The importance of having an efficient pharmacy workflow cannot be overstated and, although yours may be a long-established drug dispensing business in operation for years, it's improbable that there aren't improvements that could be made to increase both the efficiency and accuracy of your back-end processes.
Pharmacy workflow can be described as the entire process of filling a drug prescription—from the moment it's received at the pharmacy intake area, by telephone, online or in person, until the time that it's put into the hands of the awaiting customer.
Going With The Flow
A functioning, efficient workflow is the most fundamentally important part of your pharmacy's drug dispensing routine and everyone working in the back-end section of your store needs to know their specific job and how best to accomplish it. There are basically six steps involved in a prescription fill, and depending on the size of your pharmacy and the number of prescriptions being filled on a regular basis, cross-training may be an important part of the system so that technicians can be rotated into different slots as required. As owner or manager, if you haven't taken a step back and had a look at your general pharmacy workflow, it might be a good idea to do so and to get your technicians to do the same.
The first step in your pharmacy workflow system is the drop off (or intake) area, which is usually manned by a technician. Some pharmacists have begun revisiting this important function and decided that they, instead, should be positioned here in order to meet and greet clients face-to-face and be the first to view the incoming prescription information. This provides a more personalized service from a customer perspective and also gives the pharmacist the opportunity to uncover any inaccuracies in the paperwork.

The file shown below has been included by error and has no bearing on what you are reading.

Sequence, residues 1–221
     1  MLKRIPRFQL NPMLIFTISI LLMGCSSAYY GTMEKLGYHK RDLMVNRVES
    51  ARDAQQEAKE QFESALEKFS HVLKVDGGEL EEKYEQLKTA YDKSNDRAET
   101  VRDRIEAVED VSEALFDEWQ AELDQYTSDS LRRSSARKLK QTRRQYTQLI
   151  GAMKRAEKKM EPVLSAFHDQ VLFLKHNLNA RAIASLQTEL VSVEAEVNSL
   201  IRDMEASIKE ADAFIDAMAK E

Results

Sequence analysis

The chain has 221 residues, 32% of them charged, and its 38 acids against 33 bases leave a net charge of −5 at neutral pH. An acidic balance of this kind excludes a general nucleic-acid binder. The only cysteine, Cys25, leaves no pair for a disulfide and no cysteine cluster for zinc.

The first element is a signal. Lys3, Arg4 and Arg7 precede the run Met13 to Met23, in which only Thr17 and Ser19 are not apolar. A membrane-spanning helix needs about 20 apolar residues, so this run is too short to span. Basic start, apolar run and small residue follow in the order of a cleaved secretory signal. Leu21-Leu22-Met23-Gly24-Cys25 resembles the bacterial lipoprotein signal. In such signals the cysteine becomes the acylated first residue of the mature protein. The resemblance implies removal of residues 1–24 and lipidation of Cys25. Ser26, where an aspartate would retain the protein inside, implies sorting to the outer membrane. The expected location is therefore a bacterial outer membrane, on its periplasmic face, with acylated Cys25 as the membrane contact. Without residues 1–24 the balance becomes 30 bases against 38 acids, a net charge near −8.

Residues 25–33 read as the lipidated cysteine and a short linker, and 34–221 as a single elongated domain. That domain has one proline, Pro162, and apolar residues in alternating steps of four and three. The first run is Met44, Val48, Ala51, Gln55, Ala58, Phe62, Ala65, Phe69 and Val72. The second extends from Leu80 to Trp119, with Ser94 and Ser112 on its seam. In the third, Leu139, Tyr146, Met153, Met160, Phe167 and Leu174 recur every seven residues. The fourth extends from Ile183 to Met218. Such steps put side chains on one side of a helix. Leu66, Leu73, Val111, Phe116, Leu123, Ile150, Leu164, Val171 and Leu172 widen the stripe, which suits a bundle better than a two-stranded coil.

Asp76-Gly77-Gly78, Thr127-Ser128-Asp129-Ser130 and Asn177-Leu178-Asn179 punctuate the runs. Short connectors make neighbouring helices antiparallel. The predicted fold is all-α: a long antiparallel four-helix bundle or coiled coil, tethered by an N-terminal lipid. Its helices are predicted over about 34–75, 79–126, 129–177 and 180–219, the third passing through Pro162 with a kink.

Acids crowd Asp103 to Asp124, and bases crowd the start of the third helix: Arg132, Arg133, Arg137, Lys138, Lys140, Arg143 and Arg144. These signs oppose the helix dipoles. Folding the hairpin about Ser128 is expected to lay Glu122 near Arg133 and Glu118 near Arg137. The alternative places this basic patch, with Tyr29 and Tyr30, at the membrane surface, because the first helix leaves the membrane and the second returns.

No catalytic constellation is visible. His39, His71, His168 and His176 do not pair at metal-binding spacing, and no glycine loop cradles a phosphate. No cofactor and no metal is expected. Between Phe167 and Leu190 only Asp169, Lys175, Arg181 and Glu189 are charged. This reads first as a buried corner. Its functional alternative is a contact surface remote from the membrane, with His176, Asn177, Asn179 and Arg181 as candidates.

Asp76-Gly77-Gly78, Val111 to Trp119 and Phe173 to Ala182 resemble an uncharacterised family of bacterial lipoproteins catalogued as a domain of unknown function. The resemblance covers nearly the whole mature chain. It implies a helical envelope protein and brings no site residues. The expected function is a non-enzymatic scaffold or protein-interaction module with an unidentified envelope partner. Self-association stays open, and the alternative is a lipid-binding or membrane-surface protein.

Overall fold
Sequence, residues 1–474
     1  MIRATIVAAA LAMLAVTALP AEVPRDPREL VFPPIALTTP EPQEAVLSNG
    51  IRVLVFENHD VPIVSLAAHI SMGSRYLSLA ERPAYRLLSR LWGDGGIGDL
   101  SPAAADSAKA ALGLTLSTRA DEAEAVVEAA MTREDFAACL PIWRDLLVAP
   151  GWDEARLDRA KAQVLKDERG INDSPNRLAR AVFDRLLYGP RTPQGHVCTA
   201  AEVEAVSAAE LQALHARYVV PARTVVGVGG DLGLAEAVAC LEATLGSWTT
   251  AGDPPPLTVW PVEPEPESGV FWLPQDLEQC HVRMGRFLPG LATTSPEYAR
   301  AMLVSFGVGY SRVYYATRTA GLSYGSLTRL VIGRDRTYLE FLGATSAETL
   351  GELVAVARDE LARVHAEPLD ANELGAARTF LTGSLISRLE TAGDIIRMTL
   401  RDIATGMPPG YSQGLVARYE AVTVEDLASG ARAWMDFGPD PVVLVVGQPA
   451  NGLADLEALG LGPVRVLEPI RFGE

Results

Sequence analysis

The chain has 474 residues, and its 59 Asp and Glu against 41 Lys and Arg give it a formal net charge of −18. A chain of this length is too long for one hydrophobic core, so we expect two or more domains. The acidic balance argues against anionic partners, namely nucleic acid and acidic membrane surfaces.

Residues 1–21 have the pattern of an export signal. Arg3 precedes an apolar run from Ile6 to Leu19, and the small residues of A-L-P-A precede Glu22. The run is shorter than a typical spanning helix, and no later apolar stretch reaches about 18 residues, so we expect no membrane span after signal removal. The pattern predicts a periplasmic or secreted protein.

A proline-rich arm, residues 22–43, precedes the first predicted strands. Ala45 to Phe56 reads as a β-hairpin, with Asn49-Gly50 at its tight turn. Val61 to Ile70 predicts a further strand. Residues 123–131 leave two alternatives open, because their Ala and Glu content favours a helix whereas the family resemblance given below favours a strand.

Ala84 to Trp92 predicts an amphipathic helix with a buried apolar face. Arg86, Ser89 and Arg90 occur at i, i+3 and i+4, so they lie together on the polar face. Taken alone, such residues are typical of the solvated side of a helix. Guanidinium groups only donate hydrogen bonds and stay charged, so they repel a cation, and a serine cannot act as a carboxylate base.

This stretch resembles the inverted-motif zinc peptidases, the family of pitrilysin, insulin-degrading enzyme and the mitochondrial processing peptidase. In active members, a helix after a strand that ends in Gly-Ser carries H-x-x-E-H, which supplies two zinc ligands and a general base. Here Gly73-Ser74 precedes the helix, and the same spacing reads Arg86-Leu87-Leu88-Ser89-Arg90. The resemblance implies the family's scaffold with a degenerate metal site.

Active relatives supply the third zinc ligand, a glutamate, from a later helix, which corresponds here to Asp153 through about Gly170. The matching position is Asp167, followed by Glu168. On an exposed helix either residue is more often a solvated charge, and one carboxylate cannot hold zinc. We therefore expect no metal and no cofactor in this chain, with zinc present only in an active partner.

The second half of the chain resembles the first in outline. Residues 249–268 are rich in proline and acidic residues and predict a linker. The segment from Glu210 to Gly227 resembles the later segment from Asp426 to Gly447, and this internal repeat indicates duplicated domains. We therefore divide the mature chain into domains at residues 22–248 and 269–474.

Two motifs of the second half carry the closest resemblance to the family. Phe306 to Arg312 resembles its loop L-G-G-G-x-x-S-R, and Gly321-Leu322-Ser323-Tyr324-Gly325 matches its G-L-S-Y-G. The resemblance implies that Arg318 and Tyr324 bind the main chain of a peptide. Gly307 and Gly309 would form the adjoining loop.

The next step, input, is one of the most critical because this is the step where mistakes are most often made. Prescriptions are read and interpreted here and then entered into the system via computer. If the location of your drop-off and input areas are the same, it's important that this counter be large enough to accommodate two people and the customer, who will need space to put down packages or purses in order to access their prescriptions, identification and insurance documents. There should also be one or two computer terminals and telephones here, plus a scanner if documents are scanned into the system during your particular process.
Each of the following steps need to have their own dedicated areas in which the technician or pharmacist will be able to complete their jobs without unnecessary interruptions or distractions. Step 3, filling, requires access to commonly used filling supplies and the most popularly required medicines. This area should be set up ergonomically, minimizing bending, stretching and footsteps taken by as much as possible. Following the filling step comes:
4. Verification: Done by the pharmacist to ensure everything has been done properly during this fill
5. Customer Pickup: In an area with a counter large enough for a cash register and for clients to place other purchases they may have
6. Patient Consultation (if called for): In a private location to adhere to legal requirements for maintaining patient privacy
Shooting For Maximum Efficiency
Few pharmacies have a workflow system in place that can't be improved in some ways when properly studied. An efficient workflow is important for displaying store professionalism, proficiency and good service. Customers should receive accurate prescription fills as quickly as possible for maximum service satisfaction.